We did not see him out in the parking lot. My mother told someone who worked at the grocery store what had happened, and a teenage boy walked us out to our car. There was something humiliating about that as well, that this young scrawny guy, who was also white, was assigned as our bodyguard, because we didn’t know what would happen if we walked outside alone, and although no one explicitly said it, his whiteness and his maleness acted as a shield on our behalf. And that she had to request this type of protection, rather than being offered. And then, there was the obligatory gratitude we had to feel for the teenager, who had maybe saved us from some kind of assault, and who also didn’t seem to care that much about us and was just doing his job.
I honestly wonder — do white people experience these sorts of incidents? How about white women? The confusing thing about racism is that racists don’t always explicitly use racial slurs or say things to make their xenophobia clear, so that the rest of us can nod our heads and say, yes, this was a racist act. This memory has lingered with me, but it also wasn’t that unique. My mother was a homemaker and throughout her days she would go out and about running errands while my father was at work, and these types of things would occasionally happen. She is also a hot headed woman who is not afraid to demand what she needs, so in our family, I think we assumed she was somehow the cause of her own discrimination. That is another terrible thing — when Asian women are quiet and submissive, they are a stereotype — one that still somehow provokes anger for many, by the way; when they are loud and demanding, they are something even worse. There is no correct way to be.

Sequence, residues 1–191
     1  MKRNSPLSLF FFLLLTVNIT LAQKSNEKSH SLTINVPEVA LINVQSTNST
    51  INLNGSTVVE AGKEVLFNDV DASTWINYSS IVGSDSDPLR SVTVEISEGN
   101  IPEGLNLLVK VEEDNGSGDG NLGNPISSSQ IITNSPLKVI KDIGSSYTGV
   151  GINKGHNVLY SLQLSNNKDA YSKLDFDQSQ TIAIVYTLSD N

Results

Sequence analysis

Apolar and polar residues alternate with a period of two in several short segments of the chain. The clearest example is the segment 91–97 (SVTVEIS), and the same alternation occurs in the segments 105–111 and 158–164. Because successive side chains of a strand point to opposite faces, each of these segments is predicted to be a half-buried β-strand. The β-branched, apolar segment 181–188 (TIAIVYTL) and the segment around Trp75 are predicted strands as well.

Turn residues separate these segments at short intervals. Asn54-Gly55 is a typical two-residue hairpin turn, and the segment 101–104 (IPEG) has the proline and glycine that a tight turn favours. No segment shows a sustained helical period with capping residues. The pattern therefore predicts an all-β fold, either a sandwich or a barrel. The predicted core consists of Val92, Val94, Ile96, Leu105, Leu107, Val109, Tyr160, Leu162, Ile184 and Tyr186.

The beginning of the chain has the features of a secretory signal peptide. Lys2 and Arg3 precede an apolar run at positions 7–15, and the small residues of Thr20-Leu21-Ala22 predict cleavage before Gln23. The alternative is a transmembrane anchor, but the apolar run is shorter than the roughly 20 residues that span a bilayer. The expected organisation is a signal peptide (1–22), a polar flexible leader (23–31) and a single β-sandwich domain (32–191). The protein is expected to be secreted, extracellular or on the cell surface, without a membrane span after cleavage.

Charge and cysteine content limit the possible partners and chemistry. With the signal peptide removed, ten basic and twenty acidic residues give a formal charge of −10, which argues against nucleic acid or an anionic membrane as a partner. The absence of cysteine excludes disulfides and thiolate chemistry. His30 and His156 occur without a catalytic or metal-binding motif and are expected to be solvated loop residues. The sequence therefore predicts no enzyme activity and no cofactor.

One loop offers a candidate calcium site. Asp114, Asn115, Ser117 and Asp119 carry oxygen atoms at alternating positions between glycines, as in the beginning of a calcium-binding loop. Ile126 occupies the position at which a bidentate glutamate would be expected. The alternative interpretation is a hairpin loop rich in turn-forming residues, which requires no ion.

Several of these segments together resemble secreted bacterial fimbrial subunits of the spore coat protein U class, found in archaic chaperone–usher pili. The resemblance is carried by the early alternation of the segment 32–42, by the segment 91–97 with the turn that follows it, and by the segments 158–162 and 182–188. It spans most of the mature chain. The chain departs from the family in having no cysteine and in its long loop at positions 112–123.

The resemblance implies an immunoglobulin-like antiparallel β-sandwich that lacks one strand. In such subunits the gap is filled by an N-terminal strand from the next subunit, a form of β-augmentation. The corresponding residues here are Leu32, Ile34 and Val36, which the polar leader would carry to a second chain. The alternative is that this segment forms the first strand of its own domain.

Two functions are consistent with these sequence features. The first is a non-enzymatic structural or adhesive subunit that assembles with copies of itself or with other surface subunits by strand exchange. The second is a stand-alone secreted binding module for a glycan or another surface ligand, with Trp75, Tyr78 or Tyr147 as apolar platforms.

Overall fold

On weekends, when my dad was home, and we went places as a family, it was always different. My father is a white man, and a very congenial one. My mother is treated as a respected customer in shops and restaurants when it is obvious that she is his wife. His whiteness, his maleness, protect her, only because it is understood that to disrespect her would be to also disrespect him. My father may have not realized the effect of his presence on my mother’s experience, or may have been glad to extend the protection. But this fact of his presence providing a shield, like the teenager who worked at the grocery store, does nothing to make the underlying reality better.
This is just an attempt to shine a light into one tiny corner of a reality that many people are blinded to, by choice or by virtue of their own realities. It’s about whiteness more than anything, about the violence that comes in so many different forms, in big and small ways, constantly. The explicit violence of murder does not happen in a vacuum. My heart hurts for all those who have lost their lives and loved ones to racism, not only because of this terrible pain in itself, but also because of all the unseen and unheard acts of violence that have paved this path and will continue to do so. But as author Chimamanda Ngozi Adichie warns us of the danger of a single story, there is also the antidote of stories of plurality, where we strive to hear and understand one another, through a lens other than whiteness. I hope this recent incident of racial violence stirs in all of us a desire to pave a path to a new reality.
Originally published at https://www.kimproc.com on March 20, 2021.